Build your foreign client base

Building a foreign client base may seem at first glance to be too complicated — or time-consuming — or expensive.  But none of these three things has to be true.  The benefits I’ve outlined above make the effort at least worth exploring.  Practitioners from large law firms to solo practitioners alike can build a foreign client base if they wish to.  Putting the right plan in place which is uniquely tailored to your practice, then knowing how to implement that plan in a cost and time efficient manner, is essential, however.

I have worked closely with professional services providers from around the world for years — from large to small firms – to build via a 5-step process unique, custom client bases around their unique goals and needs.  If you would like to discuss how I might help you – please contact me at: Email: jg@jgrimley.com, or Skype: JohnGrimley.  I would be happy to discuss with you how we might work together to help you build an international client base. – John Grimley Please also see:  5 Steps to More Foreign Clients

US legal marketers convene amid a global economic spring

“Global economic growth [is] now forecast to accelerate on the back of reducing austerity in advanced economies – and Europe [in particular is] forecast to record positive growth after two years of contraction.”  So said global mining company GlencoreXstrata CEO Ivan Glasenberg, in a speech in Johannesburg last month.  And Joseph Lake, U.S. analyst for The Economist Intelligence Unit, predicts the US growth rate will reach 3% in 2014, the highest since 2005.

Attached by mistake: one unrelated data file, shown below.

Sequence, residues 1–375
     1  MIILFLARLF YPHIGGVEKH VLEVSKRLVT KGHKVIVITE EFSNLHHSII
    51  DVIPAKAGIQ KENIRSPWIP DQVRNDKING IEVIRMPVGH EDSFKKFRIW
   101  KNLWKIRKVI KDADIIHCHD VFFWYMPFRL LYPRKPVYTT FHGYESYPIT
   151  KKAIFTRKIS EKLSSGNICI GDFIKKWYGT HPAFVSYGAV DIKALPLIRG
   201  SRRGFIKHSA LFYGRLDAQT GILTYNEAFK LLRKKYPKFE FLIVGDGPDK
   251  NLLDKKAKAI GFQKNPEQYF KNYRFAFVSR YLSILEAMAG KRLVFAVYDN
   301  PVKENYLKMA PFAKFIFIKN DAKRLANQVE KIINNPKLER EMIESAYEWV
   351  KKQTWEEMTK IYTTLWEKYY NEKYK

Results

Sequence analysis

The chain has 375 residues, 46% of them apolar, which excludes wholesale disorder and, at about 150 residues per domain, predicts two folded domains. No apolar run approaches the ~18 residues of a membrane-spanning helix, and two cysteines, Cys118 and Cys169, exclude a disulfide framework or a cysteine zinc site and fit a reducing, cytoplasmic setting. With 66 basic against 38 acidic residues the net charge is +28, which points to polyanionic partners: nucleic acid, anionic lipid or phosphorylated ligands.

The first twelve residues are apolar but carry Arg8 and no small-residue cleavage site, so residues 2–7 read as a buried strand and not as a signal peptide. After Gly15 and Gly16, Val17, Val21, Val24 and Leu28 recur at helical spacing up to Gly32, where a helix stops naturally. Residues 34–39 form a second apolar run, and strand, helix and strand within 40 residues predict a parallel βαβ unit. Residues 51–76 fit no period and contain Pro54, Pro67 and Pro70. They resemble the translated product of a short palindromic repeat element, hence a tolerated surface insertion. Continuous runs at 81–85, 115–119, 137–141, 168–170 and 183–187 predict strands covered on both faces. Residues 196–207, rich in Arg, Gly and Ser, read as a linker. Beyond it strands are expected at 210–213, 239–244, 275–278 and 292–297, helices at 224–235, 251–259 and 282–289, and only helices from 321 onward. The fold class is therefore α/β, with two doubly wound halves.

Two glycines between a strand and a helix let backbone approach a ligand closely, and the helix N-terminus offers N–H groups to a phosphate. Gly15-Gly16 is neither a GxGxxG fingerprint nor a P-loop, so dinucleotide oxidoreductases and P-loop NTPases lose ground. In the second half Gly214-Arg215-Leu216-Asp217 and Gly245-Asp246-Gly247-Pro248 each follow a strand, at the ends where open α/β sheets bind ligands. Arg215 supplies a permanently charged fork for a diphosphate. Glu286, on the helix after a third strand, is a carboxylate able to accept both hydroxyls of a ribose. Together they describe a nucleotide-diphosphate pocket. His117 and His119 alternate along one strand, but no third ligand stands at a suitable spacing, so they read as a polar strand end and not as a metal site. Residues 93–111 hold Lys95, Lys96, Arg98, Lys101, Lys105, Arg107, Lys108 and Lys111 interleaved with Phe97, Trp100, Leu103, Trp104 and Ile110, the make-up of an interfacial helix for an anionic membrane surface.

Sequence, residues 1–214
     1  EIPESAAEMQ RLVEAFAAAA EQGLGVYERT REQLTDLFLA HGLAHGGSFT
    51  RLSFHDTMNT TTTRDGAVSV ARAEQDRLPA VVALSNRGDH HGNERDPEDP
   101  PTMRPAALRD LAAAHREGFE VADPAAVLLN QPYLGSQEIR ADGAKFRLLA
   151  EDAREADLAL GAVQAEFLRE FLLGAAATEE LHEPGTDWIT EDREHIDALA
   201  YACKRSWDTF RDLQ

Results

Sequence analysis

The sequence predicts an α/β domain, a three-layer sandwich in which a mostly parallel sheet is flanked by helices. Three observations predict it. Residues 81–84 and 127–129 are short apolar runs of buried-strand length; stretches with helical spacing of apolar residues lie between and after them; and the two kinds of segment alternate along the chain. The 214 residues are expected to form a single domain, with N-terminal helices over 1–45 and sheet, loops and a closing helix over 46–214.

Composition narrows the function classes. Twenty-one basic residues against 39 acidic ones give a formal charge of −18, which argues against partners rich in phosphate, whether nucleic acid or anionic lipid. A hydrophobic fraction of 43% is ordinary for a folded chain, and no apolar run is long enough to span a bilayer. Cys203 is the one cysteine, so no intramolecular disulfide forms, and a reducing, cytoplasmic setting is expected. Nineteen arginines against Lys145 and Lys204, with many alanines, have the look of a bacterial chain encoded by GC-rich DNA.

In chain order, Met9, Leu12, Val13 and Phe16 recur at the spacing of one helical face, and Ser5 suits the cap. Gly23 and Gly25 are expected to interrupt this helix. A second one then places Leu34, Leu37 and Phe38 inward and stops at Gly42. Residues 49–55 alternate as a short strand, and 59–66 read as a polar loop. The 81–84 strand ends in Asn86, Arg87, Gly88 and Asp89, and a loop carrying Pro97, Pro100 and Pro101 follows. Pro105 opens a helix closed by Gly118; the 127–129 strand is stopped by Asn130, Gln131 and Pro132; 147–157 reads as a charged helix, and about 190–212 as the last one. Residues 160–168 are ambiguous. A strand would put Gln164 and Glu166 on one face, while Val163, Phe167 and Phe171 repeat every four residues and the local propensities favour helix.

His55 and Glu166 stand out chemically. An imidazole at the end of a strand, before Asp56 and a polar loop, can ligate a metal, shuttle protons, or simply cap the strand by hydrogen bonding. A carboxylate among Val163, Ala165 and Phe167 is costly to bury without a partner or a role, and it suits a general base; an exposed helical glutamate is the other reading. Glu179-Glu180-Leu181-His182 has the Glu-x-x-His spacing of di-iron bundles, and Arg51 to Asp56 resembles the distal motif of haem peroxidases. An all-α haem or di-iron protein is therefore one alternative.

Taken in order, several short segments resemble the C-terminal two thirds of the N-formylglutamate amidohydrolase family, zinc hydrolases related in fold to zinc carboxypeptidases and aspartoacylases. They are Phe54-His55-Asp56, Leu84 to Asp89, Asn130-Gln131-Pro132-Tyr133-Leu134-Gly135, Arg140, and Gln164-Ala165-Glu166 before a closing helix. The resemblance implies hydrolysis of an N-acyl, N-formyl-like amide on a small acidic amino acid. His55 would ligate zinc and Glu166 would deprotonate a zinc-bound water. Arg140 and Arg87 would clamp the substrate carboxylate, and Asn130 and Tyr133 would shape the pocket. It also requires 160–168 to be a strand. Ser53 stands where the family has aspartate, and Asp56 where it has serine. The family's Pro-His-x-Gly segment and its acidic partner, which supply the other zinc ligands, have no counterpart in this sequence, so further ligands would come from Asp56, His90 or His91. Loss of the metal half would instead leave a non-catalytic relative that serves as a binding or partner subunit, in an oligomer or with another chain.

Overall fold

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Importantly, the EU and US economies together reflect in excess of 40% of the world’s GDP, according to the Congressional Research Service.  And according to recently released figures from the International Monetary Fund (IMF): “Overall, growth in emerging market and developing economies is expected to increase to 5.1 percent in 2014 and to 5.4 percent in 2015.”